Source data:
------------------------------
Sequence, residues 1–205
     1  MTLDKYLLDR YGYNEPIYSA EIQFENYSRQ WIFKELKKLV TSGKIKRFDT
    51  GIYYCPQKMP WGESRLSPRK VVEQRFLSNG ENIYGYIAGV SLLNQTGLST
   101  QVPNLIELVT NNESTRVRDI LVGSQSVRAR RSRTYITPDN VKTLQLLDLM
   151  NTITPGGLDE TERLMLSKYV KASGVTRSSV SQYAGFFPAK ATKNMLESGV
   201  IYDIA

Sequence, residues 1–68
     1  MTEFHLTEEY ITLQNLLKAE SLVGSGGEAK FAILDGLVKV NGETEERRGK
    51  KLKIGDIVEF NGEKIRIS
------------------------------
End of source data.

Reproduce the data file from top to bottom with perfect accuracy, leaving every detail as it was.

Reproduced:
Sequence, residues 1–205
     1  MTLDKYLLDR YGYNEPIYSA EIQFENYSRQ WIFKELKKLV TSGKIKRFDT
    51  GIYYCPQKMP WGESRLSPRK VVEQRFLSNG ENIYGYIAGV SLLNQTGLST
   101  QVPNLIELVT NNESTRVRDI LVGSQSVRAR RSRTYITPDN VKTLQLLDLM
   151  NTITPGGLDE TERLMLSKYV KASGVTRSSV SQYAGFFPAK ATKNMLESGV
   201  IYDIA

Sequence, residues 1–68
     1  MTEFHLTEEY ITLQNLLKAE SLVGSGGEAK FAILDGLVKV NGETEERRGK
    51  KLKIGDIVEF NGEKIRIS